According to a report published by the American Frozen Food Institute, 29% of US households expanded their freezer capacity during the pandemic. Retail frozen food sales in the US increased by 37% between 2018 and 2022, according to the same report, and continue to outpace the pre-pandemic year of 2019 in 2023.
The onset of 40-year high inflation is also contributing to the desire of Americans to eat more at home. Cold-chain specialist RLS Logistics noted that inflation has led “consumers to stocking up on items out of concern for pricing rising.” This includes 42% of shoppers.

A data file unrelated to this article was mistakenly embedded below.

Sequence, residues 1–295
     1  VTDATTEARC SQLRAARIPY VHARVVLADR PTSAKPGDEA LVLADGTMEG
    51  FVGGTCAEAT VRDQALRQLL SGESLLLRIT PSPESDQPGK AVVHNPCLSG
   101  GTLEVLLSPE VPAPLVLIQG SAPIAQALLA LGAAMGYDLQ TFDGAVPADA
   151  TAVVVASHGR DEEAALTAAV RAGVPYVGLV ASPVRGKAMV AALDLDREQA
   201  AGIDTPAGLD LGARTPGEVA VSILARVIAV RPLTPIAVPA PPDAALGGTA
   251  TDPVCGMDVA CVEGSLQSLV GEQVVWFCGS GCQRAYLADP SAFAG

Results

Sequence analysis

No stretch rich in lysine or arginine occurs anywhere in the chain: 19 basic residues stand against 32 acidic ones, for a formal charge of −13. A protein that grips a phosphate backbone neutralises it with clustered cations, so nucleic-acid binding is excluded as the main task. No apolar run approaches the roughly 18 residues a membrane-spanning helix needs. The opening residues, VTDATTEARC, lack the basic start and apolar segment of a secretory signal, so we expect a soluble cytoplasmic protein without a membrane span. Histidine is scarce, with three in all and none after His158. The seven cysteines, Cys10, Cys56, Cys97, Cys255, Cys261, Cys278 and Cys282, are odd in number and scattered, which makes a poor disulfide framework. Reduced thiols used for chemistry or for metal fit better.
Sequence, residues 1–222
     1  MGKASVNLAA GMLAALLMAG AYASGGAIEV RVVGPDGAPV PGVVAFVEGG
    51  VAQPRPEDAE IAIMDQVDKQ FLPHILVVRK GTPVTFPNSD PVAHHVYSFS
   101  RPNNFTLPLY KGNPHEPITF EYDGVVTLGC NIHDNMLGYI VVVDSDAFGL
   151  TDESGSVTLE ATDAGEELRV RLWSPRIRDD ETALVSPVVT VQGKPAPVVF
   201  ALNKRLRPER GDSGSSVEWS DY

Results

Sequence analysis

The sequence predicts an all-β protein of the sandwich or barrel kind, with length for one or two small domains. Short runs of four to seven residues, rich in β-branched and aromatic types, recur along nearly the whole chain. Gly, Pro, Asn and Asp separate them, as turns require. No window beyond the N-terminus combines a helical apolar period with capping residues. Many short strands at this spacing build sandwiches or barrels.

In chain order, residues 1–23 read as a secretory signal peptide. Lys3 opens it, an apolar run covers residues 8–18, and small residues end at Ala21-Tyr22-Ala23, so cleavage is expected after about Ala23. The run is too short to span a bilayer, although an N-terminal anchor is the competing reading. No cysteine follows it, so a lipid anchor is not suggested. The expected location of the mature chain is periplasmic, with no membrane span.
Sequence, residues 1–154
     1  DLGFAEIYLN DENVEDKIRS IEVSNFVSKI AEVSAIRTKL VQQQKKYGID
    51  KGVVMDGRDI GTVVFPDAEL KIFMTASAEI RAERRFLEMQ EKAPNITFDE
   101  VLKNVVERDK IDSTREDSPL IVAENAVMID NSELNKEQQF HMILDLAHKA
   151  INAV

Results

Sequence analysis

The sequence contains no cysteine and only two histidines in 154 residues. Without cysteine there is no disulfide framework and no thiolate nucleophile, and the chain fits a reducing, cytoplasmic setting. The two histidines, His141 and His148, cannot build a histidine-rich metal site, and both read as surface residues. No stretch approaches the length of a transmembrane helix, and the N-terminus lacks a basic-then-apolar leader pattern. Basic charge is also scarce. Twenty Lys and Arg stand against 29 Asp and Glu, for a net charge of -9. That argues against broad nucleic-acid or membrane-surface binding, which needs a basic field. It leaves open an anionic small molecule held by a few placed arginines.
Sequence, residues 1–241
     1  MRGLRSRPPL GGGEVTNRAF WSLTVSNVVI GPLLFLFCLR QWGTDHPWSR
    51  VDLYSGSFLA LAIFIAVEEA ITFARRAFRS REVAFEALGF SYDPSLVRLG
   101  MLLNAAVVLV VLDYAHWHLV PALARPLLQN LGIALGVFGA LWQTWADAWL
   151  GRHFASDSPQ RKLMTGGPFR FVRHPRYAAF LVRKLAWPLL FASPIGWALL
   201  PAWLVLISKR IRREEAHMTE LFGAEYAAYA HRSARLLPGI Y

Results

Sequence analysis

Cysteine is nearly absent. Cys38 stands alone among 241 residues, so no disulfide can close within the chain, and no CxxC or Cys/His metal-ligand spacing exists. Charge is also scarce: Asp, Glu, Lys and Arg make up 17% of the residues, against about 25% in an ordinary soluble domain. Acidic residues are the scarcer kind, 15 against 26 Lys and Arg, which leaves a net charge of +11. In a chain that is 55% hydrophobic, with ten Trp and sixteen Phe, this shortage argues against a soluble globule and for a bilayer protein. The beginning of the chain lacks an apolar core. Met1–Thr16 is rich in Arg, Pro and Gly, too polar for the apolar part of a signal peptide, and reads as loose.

“For manufacturers, this could shift the just-in-time mindset to a safety stock approach,” said the RSL report, “causing additional demand for inventories.” But, at the same time, “cold storage warehousing capacity remains tight nationally” and is getting tighter, thanks to “inventory levels rising and turns to decrease” and “many manufacturers increasing production output.”
In the northeast US, the most densely populated region in the country, “there is tremendous demand,” said Neil Johnson, CEO of Provender Partners, a cold-chain investor and operator, but “there is virtually no available freezer space.”